Archive for the 'Camwhoring' Category

sunday snapshots

With above zero temperatures this Sunday, we decided to explore a little bit of the city, particularly the development area of harbour district Bjørvika. On the way there, we stopped by the Opera House.

If you’ll remember, the Norwegian Opera House won the 2009 Mies van Der Rohe Award (European Union Prize for Contemporary Architecture). There’s an ongoing exhibit at the National Museum of the 48 finalists for the award, so if you’re in Oslo do check it out. The exhibit runs until April 11, 2010.

One of the founding buildings at the Barcode project in Bjørvika is the PriceWaterhouseCoopers building. I spotted this huge steel pillar with etched anthuriums so I had to pose next to it.

The Bjørvika redevelopment area is right next to the old town, which has been a subject of debate among city developers and constituents but I don’t wanna go there. So after a quick survey of all the construction projects in Bjørvika, we swung by the old town. Look at all those graffiti. Not pretty!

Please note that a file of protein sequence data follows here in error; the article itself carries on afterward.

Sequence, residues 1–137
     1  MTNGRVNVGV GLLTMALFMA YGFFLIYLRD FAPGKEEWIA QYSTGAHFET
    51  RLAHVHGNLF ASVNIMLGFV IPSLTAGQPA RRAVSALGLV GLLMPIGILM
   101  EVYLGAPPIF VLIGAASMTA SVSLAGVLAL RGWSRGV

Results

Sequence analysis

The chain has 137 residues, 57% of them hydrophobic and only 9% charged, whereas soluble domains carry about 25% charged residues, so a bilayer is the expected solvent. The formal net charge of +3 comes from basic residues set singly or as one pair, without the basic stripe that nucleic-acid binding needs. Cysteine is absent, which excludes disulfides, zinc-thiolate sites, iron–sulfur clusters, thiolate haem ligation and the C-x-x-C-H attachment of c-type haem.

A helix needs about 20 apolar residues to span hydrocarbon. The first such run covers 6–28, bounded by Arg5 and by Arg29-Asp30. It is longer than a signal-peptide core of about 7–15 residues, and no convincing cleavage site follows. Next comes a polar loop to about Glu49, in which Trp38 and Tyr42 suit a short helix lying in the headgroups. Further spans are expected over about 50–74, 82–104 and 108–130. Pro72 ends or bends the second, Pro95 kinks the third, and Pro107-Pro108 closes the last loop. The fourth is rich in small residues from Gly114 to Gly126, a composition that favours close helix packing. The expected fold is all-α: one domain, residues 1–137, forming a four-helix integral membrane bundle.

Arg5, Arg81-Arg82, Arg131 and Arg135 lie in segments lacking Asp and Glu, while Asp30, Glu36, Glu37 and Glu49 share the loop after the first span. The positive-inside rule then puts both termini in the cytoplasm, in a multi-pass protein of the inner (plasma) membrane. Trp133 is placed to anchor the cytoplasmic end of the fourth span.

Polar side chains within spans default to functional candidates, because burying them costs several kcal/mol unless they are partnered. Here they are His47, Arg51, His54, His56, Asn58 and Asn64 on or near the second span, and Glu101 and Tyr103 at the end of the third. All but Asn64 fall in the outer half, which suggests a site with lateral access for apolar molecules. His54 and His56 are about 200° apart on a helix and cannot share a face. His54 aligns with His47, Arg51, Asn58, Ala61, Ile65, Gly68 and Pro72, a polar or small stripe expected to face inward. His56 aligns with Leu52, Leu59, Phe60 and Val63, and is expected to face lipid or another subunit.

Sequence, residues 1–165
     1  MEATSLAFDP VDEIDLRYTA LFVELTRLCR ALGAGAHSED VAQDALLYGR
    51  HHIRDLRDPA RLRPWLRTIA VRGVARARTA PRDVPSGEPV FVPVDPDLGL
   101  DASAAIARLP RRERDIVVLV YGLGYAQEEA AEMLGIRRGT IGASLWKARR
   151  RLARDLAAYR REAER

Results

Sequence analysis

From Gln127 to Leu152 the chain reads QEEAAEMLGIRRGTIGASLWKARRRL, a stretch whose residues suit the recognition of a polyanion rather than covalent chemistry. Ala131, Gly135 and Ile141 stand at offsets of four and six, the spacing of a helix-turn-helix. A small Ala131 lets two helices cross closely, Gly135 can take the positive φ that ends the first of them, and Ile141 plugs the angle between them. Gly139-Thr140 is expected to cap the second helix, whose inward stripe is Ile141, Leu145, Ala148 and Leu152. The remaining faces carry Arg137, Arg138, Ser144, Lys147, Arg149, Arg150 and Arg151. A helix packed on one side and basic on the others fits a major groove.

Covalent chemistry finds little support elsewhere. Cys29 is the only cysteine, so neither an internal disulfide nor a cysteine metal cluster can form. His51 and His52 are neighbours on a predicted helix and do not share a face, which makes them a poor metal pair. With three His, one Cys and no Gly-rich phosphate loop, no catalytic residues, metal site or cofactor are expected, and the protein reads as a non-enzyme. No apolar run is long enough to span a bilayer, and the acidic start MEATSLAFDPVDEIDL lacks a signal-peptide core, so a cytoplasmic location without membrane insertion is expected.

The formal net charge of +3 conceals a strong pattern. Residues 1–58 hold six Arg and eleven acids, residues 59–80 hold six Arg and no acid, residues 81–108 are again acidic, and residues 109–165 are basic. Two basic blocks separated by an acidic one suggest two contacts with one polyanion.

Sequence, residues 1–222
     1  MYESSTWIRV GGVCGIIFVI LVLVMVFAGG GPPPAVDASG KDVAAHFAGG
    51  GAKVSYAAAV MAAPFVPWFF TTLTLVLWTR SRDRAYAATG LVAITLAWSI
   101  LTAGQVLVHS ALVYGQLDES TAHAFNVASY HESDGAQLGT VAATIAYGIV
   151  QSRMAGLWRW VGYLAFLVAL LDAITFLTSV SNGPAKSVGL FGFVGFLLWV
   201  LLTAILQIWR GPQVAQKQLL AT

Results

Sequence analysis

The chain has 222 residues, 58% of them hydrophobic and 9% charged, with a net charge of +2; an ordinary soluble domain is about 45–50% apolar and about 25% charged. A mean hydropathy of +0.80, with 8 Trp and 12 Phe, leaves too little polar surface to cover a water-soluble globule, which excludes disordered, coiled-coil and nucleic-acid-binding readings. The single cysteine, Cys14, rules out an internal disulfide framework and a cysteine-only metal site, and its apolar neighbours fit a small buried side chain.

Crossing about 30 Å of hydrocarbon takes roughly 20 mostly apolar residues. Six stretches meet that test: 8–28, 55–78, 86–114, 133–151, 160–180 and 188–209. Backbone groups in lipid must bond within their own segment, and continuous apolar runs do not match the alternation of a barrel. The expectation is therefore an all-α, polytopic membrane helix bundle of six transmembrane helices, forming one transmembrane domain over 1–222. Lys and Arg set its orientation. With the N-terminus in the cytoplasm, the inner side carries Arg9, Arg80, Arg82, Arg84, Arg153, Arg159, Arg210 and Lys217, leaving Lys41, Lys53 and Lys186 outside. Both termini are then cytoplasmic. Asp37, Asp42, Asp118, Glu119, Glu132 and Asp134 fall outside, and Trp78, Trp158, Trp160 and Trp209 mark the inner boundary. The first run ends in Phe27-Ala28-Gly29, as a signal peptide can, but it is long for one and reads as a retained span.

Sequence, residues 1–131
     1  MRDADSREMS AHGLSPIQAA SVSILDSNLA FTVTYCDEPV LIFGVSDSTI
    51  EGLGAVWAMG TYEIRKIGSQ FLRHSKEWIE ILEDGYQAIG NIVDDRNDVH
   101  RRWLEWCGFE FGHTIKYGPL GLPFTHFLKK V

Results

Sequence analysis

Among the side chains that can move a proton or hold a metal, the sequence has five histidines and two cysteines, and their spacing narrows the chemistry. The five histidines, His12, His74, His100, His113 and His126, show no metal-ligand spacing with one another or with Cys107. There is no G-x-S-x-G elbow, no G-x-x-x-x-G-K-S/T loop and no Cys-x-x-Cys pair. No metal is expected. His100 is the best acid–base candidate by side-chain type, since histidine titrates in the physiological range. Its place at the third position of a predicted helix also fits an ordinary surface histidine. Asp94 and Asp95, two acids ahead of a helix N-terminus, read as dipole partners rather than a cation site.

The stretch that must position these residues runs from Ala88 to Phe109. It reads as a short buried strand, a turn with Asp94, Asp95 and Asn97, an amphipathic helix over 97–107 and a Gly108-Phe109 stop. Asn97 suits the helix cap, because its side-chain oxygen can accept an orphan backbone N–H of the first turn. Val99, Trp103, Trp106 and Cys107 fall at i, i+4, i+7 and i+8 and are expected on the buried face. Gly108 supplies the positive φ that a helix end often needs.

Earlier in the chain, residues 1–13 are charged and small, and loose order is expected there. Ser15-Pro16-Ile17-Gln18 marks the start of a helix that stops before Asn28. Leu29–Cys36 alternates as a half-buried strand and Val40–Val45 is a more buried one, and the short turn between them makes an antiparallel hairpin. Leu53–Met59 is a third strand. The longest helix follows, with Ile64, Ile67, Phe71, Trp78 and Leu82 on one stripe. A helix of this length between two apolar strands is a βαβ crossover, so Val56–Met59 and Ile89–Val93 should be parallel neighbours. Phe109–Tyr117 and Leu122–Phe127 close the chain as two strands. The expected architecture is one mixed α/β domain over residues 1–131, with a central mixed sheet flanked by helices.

We saw a graveyard of  road signs on the way home. Now where do the lost ones go?

And looking back, we saw an Oslo on the rise. I like how I’ve captured that bridge in construction and the newly opened Holmenkollen ski jump tower in the background. The steel and glass Radisson Blu hotel dwarfs the dome and spire of the Oslo Cathedral. That’s old and new for you.

Happy Sunday!


postcards from milan

View of the Alps

Approaching Milan, the majestic Alps appears outside my window.

Duomo at Night

I first saw the Duomo and its iconic spires at dusk. The intricacies of the facade was a sight to behold. The night quickly fell over the city, and the Duomo turned gold.